Column: My Perspective
Looking Beyond Disruptive Technology
The literal definition of a well-oiled machine is … well, a machine that is well-oiled. It’s a term I use figuratively quite often to describe a business that is producing strong revenues and operating at peak efficiency … without an excess amount of effort.
When I think back 10 years to what I thought was my well-oiled machine, I cringe slightly. It was the age of clients bringing in tax documents in shoeboxes, envelopes or grocery sacks. I passed the file to a preparer, then on to a reviewer and finally to processing. Once complete, the client picked up a government copy for mailing and a copy for their own records, and hopefully paid us in full. While this scenario once represented the model of the well-oiled machine, today it is outdated and not marketable. In other words, it’s a “product” that most won’t want to buy.
Fast forward to today. We offer electronic organizers and are equipped with a digital document management system, an automated tax document solution, integrated software and portals. In other words, we use a lot of disparate technologies. And this is only on the tax side. Consider audit, accounting, payroll … and you have to consider even more solutions.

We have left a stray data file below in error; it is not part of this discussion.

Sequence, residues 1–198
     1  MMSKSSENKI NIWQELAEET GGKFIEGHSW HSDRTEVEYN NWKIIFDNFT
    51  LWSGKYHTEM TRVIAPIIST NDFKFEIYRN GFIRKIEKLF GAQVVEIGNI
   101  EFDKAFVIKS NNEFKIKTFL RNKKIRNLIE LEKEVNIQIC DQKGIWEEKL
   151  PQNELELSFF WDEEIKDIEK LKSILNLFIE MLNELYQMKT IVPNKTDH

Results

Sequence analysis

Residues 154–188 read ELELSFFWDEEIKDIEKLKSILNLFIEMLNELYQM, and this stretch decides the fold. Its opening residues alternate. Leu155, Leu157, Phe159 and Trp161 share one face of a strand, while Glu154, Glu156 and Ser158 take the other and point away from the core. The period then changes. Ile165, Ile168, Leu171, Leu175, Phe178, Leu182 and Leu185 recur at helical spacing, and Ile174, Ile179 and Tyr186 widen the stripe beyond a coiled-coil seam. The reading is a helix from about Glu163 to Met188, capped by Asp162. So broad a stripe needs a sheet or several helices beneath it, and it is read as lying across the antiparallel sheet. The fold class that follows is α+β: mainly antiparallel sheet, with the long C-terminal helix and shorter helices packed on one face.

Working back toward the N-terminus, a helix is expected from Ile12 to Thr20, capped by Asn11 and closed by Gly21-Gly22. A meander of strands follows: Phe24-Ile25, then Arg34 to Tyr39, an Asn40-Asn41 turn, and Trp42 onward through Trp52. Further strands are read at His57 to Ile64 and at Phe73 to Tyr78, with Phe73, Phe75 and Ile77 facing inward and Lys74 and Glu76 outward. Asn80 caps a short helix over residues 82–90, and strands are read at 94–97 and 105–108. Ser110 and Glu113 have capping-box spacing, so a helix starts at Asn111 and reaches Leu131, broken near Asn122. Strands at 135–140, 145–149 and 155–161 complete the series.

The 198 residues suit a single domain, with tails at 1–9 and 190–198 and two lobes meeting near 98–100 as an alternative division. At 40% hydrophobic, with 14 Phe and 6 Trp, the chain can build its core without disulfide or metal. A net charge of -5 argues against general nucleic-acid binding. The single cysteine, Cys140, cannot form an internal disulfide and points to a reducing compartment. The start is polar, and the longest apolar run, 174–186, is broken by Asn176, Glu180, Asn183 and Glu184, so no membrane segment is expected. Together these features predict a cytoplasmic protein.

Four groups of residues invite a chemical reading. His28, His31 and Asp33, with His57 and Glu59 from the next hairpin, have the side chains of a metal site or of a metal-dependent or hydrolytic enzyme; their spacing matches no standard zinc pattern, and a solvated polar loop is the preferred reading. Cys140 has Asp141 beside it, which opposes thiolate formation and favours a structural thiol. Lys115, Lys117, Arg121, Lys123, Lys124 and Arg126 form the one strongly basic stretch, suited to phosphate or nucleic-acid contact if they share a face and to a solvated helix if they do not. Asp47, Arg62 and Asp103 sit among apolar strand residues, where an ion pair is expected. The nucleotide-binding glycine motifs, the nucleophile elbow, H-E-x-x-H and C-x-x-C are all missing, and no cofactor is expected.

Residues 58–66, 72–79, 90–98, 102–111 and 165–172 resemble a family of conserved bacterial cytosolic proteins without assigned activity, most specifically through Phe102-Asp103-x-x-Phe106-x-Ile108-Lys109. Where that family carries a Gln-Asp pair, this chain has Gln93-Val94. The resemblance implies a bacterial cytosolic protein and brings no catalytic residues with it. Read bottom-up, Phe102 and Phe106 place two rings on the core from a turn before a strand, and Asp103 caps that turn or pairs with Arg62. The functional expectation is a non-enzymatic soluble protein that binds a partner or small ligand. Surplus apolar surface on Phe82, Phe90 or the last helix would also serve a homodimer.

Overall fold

Seem overwhelming? To be honest, it is. I would even say it’s disruptive at times. But no one said change and progress is easy. In fact, it’s more of a necessity. If I were still practicing the way I did 10 years ago, I don’t believe I would be practicing anymore.
My point? Technology is the answer, but you have to put the work into it — even when it feels like an enormous pain in the rear. Research the right systems, pay attention to integration capabilities and build a super system that fuels efficiencies.
I’ll admit, as well, that I have a passion for seeking out and studying new technologies what they can do and how they can further improve working life for my staff and myself. As well as how technology can improve the client experience. I like to calculate costs and projected value, get my staff to buy in, and pilot solutions to properly vet them. At the end of the day, the time I spend qualifying new technologies only serves to improve internal operations and save me a tremendous amount of time.
The more you can research, plan and test technology before full implementation, the better off you will be. You also have to follow through completely. No stopping in the middle for a break. So many accounting professionals that I talk to say things like, “I tried that new practice management solution; I think I should have done some training because it’s not working very well and now I have a mess.” Or when I ask about how a firm’s client accounting online strategy is going, I often hear, “We put a few clients on it, and they really like it.” The problem is that most of these firms have well over a 100 clients. What’s with the stalling?
If you want your firm to run like a well-oiled machine, you have to be ALL-IN. Halfway committing to technology will only get you a long-term mess. New technologies can be disruptive at first, but you have to power through, do your homework and hang in there … because in the end, the payoff is sweet.
Be sure to read on. This edition offers many ideas and tips about new technologies and how to implement them for preeminent results. It’s time to start thinking about how to get your own firm to well-oiled status.